Prized silver jewelry made in Mexico can be circa dated according to the marks found. 980 silver, for example, is somewhat brighter than 925 sterling, and was generally used from the mid 1930’s to the mid 1940’s. 970 silver is often associated with the Mexican artisan, Antonio Pineda. 

Below is an example of a Mexican silver bracelet, marked for sterling as well as the City of Taxco, and the maker’s initials. The style suggests, c. 1940’s to 1960’s: 

Vintage Taxco, Mexico sterling silver bracelet

Early Mexican silver marks were usually simple, and only included the words "SILVER" or "STERLING."  The city of manufacture, such as Mexico City, Taxco, or Guadalajara, was always included. In the late 1940's, a new Mexican marking system was introduced.  Artisans were assigned an "eagle number," sometimes referring to a city of origin (#3 was for Taxco).  The shape and style of the eagle stamp gives clues to the years of manufacture.  Marks might also include a circle stamp:  Taxco Mexico, along with a purity mark (925), and the maker's initials.  Mexico's system was somewhat complex, and not strictly followed.

A well-researched resource is Bille Hougart's The Little Book of Mexican Silver Trade and Hallmarks.

What is coin silver? Usually defined as an alloy of 90% silver and 10% other metals, once used as the standard for US currency.  Before being standardized c. 1906, coin silver could vary by quite a bit-- from .750 to .900.   Early Navajo jewelry used coin silver, and so can be circa dated accordingly.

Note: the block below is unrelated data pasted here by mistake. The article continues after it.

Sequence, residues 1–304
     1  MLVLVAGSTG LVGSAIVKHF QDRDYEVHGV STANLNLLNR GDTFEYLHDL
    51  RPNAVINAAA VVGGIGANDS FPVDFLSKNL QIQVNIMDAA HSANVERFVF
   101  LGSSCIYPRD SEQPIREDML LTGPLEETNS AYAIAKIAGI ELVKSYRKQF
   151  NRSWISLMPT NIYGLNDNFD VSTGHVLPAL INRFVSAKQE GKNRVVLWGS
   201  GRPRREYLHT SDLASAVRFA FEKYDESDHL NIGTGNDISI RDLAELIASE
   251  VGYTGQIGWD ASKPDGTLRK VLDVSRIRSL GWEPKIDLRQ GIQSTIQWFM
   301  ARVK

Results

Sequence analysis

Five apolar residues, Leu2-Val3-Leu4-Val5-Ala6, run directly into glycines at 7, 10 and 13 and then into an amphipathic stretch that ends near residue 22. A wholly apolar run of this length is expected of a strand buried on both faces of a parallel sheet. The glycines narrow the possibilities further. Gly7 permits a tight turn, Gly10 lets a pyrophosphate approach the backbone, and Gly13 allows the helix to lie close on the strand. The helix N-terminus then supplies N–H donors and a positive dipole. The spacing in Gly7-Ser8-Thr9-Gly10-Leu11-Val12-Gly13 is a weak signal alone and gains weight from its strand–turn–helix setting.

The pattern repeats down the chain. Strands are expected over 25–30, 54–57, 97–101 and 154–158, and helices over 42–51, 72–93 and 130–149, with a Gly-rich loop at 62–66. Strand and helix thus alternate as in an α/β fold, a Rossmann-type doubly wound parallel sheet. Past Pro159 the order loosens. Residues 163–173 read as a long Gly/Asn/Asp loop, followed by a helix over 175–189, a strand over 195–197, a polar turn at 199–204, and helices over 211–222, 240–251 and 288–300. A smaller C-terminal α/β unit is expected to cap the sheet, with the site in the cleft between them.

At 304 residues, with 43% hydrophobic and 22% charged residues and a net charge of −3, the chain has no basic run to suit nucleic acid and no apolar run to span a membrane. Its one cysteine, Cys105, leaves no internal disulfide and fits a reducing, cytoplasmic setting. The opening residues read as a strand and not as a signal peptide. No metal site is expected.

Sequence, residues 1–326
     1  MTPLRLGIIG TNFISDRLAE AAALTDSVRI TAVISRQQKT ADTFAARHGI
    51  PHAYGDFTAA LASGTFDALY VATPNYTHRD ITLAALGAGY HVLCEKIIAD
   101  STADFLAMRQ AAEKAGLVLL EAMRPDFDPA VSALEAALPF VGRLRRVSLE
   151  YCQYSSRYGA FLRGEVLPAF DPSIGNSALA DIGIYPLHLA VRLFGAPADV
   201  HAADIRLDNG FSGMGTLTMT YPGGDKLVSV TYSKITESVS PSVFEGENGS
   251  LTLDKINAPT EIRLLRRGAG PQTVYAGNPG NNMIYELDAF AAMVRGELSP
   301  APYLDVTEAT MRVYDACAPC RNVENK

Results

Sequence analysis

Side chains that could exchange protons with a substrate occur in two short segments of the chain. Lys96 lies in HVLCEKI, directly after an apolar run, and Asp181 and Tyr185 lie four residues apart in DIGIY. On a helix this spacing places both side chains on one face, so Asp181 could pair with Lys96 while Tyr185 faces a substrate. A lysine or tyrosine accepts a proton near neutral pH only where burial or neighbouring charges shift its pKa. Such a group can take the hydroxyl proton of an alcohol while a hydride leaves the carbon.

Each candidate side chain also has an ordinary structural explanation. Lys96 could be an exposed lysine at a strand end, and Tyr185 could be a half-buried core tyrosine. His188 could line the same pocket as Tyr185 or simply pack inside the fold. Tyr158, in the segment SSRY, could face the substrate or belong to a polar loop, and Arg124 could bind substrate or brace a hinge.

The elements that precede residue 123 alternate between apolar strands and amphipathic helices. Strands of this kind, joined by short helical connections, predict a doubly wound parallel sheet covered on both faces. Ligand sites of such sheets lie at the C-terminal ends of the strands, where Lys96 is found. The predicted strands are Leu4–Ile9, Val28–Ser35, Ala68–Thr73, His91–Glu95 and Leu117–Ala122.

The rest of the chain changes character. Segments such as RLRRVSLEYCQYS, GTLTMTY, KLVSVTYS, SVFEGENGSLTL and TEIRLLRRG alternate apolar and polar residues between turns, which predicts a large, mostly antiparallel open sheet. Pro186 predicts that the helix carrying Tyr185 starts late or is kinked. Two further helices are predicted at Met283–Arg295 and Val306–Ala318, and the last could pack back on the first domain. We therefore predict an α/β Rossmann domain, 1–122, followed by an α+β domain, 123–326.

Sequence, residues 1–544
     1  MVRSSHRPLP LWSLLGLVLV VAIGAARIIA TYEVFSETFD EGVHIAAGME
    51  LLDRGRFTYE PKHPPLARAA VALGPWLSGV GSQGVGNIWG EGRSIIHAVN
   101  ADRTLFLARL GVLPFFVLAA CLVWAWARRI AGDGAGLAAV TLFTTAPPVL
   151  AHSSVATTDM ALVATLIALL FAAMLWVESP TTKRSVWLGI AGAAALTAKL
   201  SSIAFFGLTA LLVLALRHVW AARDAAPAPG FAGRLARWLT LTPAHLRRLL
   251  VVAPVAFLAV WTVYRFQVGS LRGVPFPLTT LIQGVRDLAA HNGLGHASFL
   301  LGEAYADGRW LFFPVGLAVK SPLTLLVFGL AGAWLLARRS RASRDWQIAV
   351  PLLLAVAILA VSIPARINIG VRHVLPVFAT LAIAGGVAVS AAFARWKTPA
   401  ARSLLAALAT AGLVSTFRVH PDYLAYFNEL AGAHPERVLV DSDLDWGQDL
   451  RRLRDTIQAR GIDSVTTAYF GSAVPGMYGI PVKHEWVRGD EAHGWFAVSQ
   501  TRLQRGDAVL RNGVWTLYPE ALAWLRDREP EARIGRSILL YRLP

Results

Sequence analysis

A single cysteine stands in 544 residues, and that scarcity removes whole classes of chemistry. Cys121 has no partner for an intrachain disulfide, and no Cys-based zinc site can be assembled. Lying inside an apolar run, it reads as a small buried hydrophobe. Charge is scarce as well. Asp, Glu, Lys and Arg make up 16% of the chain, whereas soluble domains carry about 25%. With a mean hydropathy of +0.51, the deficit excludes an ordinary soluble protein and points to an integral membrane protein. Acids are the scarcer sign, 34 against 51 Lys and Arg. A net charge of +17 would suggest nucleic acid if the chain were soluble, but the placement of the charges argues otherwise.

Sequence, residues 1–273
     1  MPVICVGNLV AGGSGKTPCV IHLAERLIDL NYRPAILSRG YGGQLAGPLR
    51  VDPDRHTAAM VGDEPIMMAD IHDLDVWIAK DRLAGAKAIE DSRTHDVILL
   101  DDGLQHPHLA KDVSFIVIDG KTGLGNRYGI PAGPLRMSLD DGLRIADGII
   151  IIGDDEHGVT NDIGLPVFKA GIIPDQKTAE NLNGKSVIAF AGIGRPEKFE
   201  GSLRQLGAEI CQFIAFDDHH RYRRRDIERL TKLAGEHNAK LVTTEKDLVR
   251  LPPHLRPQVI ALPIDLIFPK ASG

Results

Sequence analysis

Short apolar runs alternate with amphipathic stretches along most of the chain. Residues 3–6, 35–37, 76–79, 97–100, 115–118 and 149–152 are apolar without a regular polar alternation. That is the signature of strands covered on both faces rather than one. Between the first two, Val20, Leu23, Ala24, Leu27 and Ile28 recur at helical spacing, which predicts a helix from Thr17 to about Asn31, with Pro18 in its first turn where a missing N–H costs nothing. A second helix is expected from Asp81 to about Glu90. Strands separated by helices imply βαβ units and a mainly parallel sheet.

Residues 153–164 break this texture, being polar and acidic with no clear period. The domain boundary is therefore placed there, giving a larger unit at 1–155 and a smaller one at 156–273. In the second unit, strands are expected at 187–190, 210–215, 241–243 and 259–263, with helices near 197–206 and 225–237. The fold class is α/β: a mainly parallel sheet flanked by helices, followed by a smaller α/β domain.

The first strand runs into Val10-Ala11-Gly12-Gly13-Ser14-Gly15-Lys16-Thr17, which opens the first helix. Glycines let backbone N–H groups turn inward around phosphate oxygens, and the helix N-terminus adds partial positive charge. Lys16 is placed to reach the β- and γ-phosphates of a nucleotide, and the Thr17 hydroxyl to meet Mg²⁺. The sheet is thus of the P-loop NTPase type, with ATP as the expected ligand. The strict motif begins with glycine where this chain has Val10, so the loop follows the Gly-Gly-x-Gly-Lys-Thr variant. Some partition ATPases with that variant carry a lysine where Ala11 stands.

What is Alpaca, Nickel, or German silver? Despite the word “silver,” this only refers to the color, and not the metal. There is no silver in Alpaca silver, nickel silver, or German silver (usually composed of nickel, zinc, and copper).

When trying to research the history of jewelry you may own, always examine the marks, often found on the interior, back, or bottom of the piece.  Some more delicate pieces, like twist wire bracelets, may have no available space where a stamp or placque can be placed.  Antique rings may have been resized, and had their hallmarks removed as result.  In the case of French guarantee marks, you will need a loupe or magnifier to be able to see the often very tiny marks.

In 1906, the United States put into law the National Gold and Silver Marking Act (updated since).  With this standardization, it is only required that, IF a piece is marked "STERLING" it is accompanied by a maker's trademark, as an assurance of purity.  The absence of 925 or sterling does not mean that it isn't sterling-- it simply means that the maker has not applied for, and been granted, a trademark (sometimes too costly for small shops).  It is illegal to falsely mark a piece 925.

I hope this clarifies some of the mysteries surrounding silver hallmarks and trademarks.  It is a large and wonderful subject to explore, and will help tell some of the stories behind your personal treasures. 

The above vintage Mexican sterling Aztec bracelet is available on our website:

http://bit.ly/2wse25z